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Lighting Layouts

Lighting Layouts

Once you buy your light fixtures, how should you arrange them? Planning your lighting ahead of time can save you a headache later. The key factor to every great lighting layout is even and consistent spacing. The nuances and tips of the most common residential fixtures are listed below.

Semi-flush mount fixtures in hallway

Ceiling Mount. When do you use a ceiling or surface mounted fixture? Well, prime conditions for a flush mount fixture involve a ceiling height of less than eight feet. Hallways, closets, laundry rooms, and bathrooms are all examples of rooms that have limited space and typically low ceilings. For higher ceilings of eight to ten feet, the slight dangle of semi-flush lights become an option.

Either evenly space your lights...

... or choose a focal point.


Recessed Lights. To evenly light a room, place your first recessed light housing in the dead center of a room and evenly space out your lights from that point. If you need more light in a specific place, install your first light there; then evenly space the other lights around it. The spacing between each light fixture is your ceiling height simply divided in half. For example, with a standard 8-foot ceiling, your lights should be 4 feet away from each other. To avoid harsh shadows that make your ceiling seem lower, keep your lights about 3 feet from any wall as well. In your kitchen, set your recessed fixtures 18 to 22 inches from your cabinets to avoid unwanted shadows. To learn about what type and size of recessed light fixtures you need, check out our Recessed Lighting Buyer’s Guide.



Wall Sconces. When using wall sconces to provide general lighting in a hallway or dining room, you should space them 4 to 6 feet apart and no less than five feet from the floor. Basically, wall sconces should always be placed above shoulder height and spaced evenly. Along a staircase, they are usually placed at least three steps apart.  Keep in mind the spacing can change if you have really tall walls or your sconces need to be level with your wall art.

In your bathroom, hang wall sconces on either side of the bathroom mirror at or very close to eye level. That way your face gets even lighting, eliminating unattractive shadows. A good rule of thumb is to install them between 65 to 70 inches from the floor.

Track lighting. Whether it’s general accent lighting or highlighting your wall art, tilt your track lights about 30 degrees, using the vertical from floor to ceiling as your zero-degree starting point. This prevents light from shining in anyone’s eyes and avoids distracting reflections on your prized masterpieces. Usually, you only need one fixture for each object being lit.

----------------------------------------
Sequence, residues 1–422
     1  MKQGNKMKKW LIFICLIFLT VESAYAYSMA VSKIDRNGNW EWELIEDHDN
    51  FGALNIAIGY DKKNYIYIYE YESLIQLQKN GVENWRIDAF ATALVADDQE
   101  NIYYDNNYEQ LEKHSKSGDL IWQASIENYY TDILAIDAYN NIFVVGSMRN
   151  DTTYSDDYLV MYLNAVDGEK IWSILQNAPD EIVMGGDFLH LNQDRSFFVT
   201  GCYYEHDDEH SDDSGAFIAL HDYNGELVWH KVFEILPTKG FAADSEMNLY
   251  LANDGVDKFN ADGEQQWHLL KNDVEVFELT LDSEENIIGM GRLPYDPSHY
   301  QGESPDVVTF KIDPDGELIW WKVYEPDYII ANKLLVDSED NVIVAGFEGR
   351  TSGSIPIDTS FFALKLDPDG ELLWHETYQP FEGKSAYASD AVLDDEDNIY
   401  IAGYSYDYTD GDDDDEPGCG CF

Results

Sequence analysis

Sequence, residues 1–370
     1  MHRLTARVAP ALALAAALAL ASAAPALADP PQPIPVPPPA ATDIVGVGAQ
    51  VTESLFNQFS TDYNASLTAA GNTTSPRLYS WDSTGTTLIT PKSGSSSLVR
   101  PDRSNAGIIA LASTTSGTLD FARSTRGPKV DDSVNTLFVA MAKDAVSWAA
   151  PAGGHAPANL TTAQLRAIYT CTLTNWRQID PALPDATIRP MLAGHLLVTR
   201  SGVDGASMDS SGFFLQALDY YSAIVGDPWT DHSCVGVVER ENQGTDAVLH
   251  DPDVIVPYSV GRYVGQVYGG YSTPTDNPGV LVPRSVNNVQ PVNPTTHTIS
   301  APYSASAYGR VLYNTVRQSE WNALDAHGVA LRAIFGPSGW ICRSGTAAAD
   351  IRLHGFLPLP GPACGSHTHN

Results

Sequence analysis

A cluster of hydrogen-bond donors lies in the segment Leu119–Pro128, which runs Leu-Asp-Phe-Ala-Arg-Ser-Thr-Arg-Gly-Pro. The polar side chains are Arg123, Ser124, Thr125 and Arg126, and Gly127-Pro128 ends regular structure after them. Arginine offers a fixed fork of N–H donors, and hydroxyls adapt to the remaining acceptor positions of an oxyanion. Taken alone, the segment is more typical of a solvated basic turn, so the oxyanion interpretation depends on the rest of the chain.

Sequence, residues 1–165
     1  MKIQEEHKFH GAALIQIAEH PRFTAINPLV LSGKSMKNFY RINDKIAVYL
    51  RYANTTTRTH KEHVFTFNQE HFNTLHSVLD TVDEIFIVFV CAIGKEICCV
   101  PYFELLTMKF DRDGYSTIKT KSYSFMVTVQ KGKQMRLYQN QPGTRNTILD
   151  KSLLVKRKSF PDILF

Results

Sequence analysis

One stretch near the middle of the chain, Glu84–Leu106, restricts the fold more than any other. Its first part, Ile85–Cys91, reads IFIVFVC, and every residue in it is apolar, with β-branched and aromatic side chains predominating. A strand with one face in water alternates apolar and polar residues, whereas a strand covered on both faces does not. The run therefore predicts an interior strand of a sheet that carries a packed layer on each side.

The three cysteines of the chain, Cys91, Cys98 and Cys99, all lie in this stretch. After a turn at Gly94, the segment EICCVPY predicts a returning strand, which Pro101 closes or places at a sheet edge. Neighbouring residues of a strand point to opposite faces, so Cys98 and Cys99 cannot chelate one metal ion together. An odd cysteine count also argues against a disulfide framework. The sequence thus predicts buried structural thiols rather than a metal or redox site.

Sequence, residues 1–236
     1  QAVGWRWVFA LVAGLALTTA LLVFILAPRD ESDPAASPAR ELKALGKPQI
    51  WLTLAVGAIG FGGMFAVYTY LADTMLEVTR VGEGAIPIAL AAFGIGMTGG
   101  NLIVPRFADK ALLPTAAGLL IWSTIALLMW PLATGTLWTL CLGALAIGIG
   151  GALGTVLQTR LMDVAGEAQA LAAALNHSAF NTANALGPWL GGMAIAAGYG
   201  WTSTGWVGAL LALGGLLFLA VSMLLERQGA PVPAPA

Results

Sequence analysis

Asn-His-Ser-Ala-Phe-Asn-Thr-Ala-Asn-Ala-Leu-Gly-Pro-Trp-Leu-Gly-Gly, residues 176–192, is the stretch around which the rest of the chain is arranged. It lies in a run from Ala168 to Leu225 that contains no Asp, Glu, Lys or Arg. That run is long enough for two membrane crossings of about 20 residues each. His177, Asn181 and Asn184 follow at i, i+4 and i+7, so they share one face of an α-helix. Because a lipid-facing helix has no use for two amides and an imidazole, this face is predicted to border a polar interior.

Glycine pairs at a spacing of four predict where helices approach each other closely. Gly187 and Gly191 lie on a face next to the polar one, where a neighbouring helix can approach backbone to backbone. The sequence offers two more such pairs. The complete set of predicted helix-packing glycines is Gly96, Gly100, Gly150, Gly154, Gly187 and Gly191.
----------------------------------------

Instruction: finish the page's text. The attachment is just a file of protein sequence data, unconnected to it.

After you position your fixtures at the correct angle, you can determine how far your fixtures should be from your objects. First, you measure the distance from the ceiling to the center of the object. The American Lighting Association’s “Lighting Your Life” brochure has a very helpful table to guide you. Using the table listed below, mount your track lights the corresponding inches from the wall.

Distance from wall
(A to B)
Distance from ceiling
to object (B to C)
13 Inches 2 Feet
20 Inches 3 Feet
27 Inches 4 Feet
34 Inches 5 Feet
41 Inches 6 Feet

From ALA's Lighting Your Life, 2012

For non-textured surfaces and walls, you can use a technique called wall washing with your track lights. Mount the track 2 to 3 feet from the wall as long as your ceiling is nine feet or less. Ceilings between 9 and 11 feet high need to have the track light mounted 3 to 4 feet from the wall. Space the fixtures the same distance apart as the track is from the wall to evenly spread out the light.

Wall grazing

Wall grazing

Create dramatic shadows on textured surfaces and walls, such as draperies, stone or brick, with the wall grazing method. Simply mount the track closer, about 6 to 12 inches from the wall, with the fixtures the same 6 to 12 inches apart from each other and aimed downward for a grazing effect.

Kitchen with pendants

Pendants. A pendant light needs to hang an average of 30 to 36 inches above the dining room table depending on how focused you want the light. Activities like playing pool require more light, so you will need to suspend your pendants a little closer, 24 to 32 inches, to minimize glare. Pendant fixtures over your kitchen counter should average a height of 40 inches from the table surface to the rim of the fixture. Add three inches for each extra foot of height for pendants reaching down from lofty ceilings to illuminate your tabletops. If your ceiling is more than eight feet high, like in the foyer or entry way of your home, you could also measure seven feet up from the floor.

Dining room with pendants

Chandeliers. Typically hung over a dining room table, the diameter or width of the table minus 12 inches is the maximum chandelier diameter you should consider, without overwhelming your space. Adding a chandelier to your foyer requires a comparison of the fixture’s width in inches to the diagonal measurement of the room in feet. A good rule of thumb is your average chandelier should hang no lower than eight feet from the floor.

You can learn about lighting specific areas of your home in our home lighting section or discover how to layer light in any room with this post. If you have more questions, need advice about a tricky area to light, or suggestions for hassle-free lighting layouts, leave your comment in the area below. Find more ideas and tips on our Facebook, TwitterGoogle Plus, LinkedIn, or Pinterest.  You can also call our 1000Bulbs staff during normal business hours for easy and insightful lighting solutions.

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